Accountants in Pakistan must work with government to tackle its infrastructure gap

  • Accountants can play a critical role in closing the infrastructure gap by improving the selection, financing and delivery of infrastructure projects;
  • Governments must have the right professional team in place to harness the benefits of additional investment while working to mitigate the significant risks associated with infrastructure projects;
  • Pakistan is forecasted to invest $335bn in its infrastructure and will have a gap of $117.9bn. Thus the difference between investment needed and the investment forecast is 35%.

Infrastructure is critical for economic and social development around the world. From the transportation networks that enable people and goods to move around safely and effectively, to the utility systems providing power and services essential to survival. And these systems rely heavily on investments and funding.

ACCA (the Association of Chartered Certified Accountants) has partnered with the Chartered Professional Accountants of Canada (CPA Canada) on a report called: How accountants can bridge the global infrastructure gap. The project has produced findings and recommendations based on international good practice to help governments close their infrastructure gap with accountants playing a central, collaborative role.

The term ‘global infrastructure gap’ identifies the difference between infrastructure investment needed and the resources available to meet that need. In 2018 alone, the investment gap grew by over $400bn and it is set to grow to a staggering $14 trillion by 2040[1].

Respondents from the survey[2] (based in South Asia) identified three major barriers to meeting the infrastructure needs of their respective countries:

  • Eighty nine percent cited corruption as playing a major part;
  • Seventy five percent of respondents quoted a lack of political leadership;
  • And 48 percent said it was down to planning and regulatory barriers.

ACCA’s head of Pakistan, Sajjeed Aslam, says:

‘Pakistan still has a way to go in tackling the infrastructure challenge and China–Pakistan Economic Corridor (CPEC) is a great opportunity for the country to bridge this gap. We make a considerable contribution to our infrastructure and must do more to meet our needs.

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Globally, solving the infrastructure puzzle is crucial to achieving a better more sustainable future for all, as it tackles global issues such as inequality, poverty and climate change.

Infrastructure is the foundation on which our social and economic well-being is built. All around the world – federal, provincial and local governments make decisions that serve the public and play a critical role in building and maintaining important infrastructure investments.Forces such as demographics, rising cyber threats, urbanisation and climate change are all increasing the global demand for quality infrastructure.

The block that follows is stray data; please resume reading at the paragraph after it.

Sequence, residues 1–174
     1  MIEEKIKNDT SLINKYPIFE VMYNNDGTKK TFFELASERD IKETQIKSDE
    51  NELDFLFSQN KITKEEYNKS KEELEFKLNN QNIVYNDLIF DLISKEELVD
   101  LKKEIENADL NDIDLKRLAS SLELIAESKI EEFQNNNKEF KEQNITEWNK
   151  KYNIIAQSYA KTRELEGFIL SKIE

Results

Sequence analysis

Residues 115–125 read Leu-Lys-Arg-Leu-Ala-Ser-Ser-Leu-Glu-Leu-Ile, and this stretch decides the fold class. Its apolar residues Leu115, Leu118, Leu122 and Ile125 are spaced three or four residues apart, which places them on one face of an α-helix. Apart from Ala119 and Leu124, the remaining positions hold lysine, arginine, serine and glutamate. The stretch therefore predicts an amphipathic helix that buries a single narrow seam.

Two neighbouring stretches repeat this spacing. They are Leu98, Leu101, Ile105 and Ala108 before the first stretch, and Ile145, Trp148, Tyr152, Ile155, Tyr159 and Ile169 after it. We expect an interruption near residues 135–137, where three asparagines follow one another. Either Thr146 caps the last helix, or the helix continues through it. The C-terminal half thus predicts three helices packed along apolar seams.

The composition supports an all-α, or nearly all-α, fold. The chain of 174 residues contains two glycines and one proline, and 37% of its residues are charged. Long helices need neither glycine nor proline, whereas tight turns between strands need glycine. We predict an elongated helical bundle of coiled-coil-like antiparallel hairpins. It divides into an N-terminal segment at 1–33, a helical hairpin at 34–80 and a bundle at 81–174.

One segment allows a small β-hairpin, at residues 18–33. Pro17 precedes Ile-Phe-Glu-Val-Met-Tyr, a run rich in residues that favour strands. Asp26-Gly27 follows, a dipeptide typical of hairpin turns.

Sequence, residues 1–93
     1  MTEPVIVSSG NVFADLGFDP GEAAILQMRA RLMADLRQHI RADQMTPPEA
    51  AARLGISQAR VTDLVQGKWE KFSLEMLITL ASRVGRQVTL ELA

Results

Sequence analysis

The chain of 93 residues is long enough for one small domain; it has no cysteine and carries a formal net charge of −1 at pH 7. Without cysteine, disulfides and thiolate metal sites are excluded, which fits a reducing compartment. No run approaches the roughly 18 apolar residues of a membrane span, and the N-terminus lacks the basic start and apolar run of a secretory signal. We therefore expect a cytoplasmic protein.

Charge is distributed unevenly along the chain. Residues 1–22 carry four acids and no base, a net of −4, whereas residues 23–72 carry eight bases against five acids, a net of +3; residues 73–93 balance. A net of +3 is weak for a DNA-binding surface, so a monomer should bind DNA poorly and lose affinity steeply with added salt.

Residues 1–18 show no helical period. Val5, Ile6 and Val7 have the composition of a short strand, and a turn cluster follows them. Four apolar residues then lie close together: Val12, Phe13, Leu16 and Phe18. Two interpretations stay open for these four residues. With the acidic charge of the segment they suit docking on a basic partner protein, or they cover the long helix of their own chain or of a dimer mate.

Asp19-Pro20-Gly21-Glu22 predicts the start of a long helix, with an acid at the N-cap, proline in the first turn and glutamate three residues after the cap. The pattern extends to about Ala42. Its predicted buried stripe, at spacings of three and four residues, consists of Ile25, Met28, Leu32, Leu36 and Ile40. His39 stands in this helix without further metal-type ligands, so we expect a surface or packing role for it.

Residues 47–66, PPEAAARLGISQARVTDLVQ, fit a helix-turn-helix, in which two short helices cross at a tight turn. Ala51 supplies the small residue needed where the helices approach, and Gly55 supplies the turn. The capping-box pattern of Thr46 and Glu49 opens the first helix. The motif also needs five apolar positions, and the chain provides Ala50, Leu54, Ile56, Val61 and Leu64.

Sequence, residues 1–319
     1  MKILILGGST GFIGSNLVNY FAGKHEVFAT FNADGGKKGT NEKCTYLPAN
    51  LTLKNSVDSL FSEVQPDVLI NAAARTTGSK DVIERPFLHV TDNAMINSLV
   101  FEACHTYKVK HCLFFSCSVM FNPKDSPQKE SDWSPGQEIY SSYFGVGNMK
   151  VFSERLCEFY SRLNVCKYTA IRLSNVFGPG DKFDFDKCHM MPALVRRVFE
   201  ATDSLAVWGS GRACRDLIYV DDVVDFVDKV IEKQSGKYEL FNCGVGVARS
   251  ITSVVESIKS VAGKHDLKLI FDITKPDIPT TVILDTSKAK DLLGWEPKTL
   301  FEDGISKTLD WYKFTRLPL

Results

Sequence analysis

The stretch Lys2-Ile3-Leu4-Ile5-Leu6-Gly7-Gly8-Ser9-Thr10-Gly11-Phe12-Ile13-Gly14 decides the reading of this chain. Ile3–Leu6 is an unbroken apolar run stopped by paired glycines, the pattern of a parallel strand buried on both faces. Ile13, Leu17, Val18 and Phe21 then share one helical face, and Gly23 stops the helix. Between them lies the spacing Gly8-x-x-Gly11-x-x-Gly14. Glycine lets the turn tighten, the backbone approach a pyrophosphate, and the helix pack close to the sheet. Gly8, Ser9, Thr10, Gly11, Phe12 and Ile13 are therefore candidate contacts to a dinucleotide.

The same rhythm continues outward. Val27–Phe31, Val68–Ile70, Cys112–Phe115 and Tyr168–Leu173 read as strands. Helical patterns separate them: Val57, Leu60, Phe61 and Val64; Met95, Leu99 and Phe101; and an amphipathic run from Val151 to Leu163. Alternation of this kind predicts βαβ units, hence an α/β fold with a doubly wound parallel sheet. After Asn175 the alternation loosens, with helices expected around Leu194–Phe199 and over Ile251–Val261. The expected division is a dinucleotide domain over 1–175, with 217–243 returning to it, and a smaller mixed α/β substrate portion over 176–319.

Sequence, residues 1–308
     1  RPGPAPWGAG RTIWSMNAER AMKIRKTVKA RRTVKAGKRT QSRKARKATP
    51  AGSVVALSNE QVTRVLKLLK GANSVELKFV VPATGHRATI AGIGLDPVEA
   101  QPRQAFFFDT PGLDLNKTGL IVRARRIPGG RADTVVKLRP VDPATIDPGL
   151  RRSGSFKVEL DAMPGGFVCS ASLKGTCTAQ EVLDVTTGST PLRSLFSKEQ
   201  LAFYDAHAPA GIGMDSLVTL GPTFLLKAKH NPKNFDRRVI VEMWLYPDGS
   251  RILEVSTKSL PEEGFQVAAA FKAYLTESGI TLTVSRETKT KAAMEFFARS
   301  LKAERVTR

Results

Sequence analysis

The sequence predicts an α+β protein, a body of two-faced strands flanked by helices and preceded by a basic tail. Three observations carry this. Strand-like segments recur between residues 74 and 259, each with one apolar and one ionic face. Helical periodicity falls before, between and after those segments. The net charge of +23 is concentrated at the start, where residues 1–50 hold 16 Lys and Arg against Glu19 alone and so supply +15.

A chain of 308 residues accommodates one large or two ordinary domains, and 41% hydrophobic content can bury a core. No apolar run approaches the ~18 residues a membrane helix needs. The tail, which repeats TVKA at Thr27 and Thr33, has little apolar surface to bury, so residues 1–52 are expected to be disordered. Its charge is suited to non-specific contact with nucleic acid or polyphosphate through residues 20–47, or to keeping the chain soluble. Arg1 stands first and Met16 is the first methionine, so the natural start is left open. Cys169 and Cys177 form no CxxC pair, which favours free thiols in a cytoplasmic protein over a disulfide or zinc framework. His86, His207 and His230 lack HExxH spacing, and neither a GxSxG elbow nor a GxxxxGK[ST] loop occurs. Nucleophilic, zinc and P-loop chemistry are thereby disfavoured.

The accountant is well-placed to tackle many of the major challenges humanity faces in the 21st century and beyond.’

Arif Masud Mirza, ACCA’s Regional Head of Policy says: ‘Professionals like ACCA members working across public sector infrastructure projects can greatly help with improvements in planning, efficiencies and cost-effectiveness. Firstly through their ethical values, professionals combat bribery and corruption, secondly professionals remain objective and can provide strategic leadership vision to projects and lastly professionals anticipate and manage business, operational and financial risks to allow major projects to be delivered on time and within budget.

Accounting is central to successful decision-making and professional accountants can provide relevant analysis and guidance, especially when it comes to building accountability into the process. Having an accountant’s skills and perspectives on an infrastructure project team can mean the difference between success and failure.’

The report offers 20 recommendations to close the infrastructure gap. The top five are listed below:

  • Governments should enforce effective whistle-blowing legislation and professionalise the public sector finance function to allow public servants to challenge unethical behaviour and practices that can disrupt infrastructure projects.
  • Governments should direct supreme audit institutions to monitor the interaction of off balance sheet liabilities and fiscal targets in order to improve the efficient allocation;
  • Governments should adopt full accrual accounting and maintain a public sector balance sheet to support decision-making on infrastructure policies.
  • Governments should also separate expenditure on projects to report both maintenance and new project spend.
  • Accountants can advise on the distributional impact and regional growth outcomes of selecting particular projects.

[1] Analysis fromGHI Oxford Economics 2018

[2] Total number of survey respondents was 3611, across 118 countries

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